• Consult with other companies and organizations to share and explore promising practices and consider innovative solutions and measures
  • Review and build on existing workplace policies and supports to be sure they take account of and meet the needs of employees with caregiving responsibilities, such as:
    • diversity and wellness strategies
    • employment assistance programsFootnote 2
  • Create a caregiver-friendly environment. Develop supportive policies and practices that encourage employees to share their caregiving situations. For example:
    • provide clear communication from senior leadership that recognizes work-life balance
    • consider expanding the definition of “family” in workplace leave and insurance policies. Consider including family members who do not live in the same household and relationships not defined by blood or legal bonds
    • offer training and tips for managers and supervisors on how to respond to the workplace needs of employees with caregiving responsibilities
    • raise awareness and provide information sessions for all staff on this issue
    • encourage staff to share ideas on how to find balance between work and caregiving responsibilities
  • Offer options to increase flexibility in the workplace, such as:
    • flexible work hours
    • telework (performing work at an approved alternate work site)
    • compressed work week (longer working hours in exchange for fewer workdays or days off in the future)
    • possibility of making up time at a later date
    • job sharing (typically two or more employees working part-time to perform a job normally done by one person working full-time)
    • part-time work
    • unpaid/paid leave of absence
    • personal days off
  • Share information about available workplace and community resources that support employees with caregiving responsibilities and the people they are caring for
    For example:
    • display caregiver-related information in high-traffic areas, such as the lunchroom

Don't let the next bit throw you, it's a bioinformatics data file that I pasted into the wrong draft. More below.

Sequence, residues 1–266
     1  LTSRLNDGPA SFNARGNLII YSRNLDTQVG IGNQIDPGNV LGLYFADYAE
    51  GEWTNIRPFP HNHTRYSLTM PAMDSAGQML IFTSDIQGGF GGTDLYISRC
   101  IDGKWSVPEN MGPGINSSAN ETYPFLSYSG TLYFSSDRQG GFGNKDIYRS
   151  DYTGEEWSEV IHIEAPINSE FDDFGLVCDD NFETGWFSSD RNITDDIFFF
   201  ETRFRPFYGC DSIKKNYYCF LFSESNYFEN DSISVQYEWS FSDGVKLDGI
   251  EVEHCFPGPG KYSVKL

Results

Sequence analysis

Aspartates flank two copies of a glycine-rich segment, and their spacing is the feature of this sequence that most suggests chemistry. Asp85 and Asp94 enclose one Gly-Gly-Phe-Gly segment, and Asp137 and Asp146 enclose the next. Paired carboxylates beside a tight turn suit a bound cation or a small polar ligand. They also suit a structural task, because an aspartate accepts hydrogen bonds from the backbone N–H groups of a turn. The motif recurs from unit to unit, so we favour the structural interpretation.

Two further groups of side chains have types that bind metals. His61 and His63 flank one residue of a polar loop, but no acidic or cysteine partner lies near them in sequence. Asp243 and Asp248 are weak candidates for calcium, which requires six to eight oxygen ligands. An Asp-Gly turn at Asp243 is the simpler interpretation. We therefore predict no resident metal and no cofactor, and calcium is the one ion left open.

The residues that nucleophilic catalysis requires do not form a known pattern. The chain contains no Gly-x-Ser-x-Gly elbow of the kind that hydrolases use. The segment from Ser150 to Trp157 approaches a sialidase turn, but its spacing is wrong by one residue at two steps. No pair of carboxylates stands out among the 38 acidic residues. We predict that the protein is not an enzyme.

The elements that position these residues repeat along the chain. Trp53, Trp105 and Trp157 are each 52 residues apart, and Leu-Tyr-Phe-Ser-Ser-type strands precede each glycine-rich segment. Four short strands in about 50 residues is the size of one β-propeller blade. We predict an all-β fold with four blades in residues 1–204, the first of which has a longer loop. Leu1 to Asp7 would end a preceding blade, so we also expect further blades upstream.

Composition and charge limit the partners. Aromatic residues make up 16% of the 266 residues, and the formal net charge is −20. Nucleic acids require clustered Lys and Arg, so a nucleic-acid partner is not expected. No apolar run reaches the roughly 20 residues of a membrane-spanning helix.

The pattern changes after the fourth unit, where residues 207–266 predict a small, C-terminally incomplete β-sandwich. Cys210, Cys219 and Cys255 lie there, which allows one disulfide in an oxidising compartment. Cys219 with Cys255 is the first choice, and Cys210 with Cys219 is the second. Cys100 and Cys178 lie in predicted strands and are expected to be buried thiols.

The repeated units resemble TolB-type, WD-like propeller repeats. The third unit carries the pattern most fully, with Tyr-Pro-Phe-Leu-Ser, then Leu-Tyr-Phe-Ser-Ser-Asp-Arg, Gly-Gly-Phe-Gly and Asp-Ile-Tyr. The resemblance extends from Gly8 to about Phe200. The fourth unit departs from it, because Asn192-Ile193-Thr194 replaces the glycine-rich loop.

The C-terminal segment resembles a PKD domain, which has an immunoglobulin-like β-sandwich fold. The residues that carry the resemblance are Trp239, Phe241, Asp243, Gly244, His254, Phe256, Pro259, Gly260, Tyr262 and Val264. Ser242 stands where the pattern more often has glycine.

• organize lunch time learning opportunities on important caregiving topics
    • encourage employees to attend and share strategies
    • provide in-house resources to promote employee wellness, such as lunch time walks, yoga or relaxation and meditation classes
  • Consider policies such as a compassionate care benefits top-up, funeral or bereavement leave, and a gradual return-to-work program
  • Recognize that protection from discrimination on the grounds of family status includes caregiving in most human rights codes. To prevent discrimination on this basis, consult human rights laws and employment legislation in your jurisdiction, and develop policies to ensure your workplace accommodates employees with caregiving responsibilities.

    For more information on this topic, you can read and distribute a Guide to Balancing Work and Caregiving Obligations published by the Canadian Human Rights Commission.

Québec contributes to the Federal/Provincial/Territorial Seniors Forum by sharing expertise, information and best practices. However, it does not subscribe to, or take part in, integrated federal, provincial, and territorial approaches to seniors. The Government of Québec intends to fully assume its responsibilities for seniors in Québec.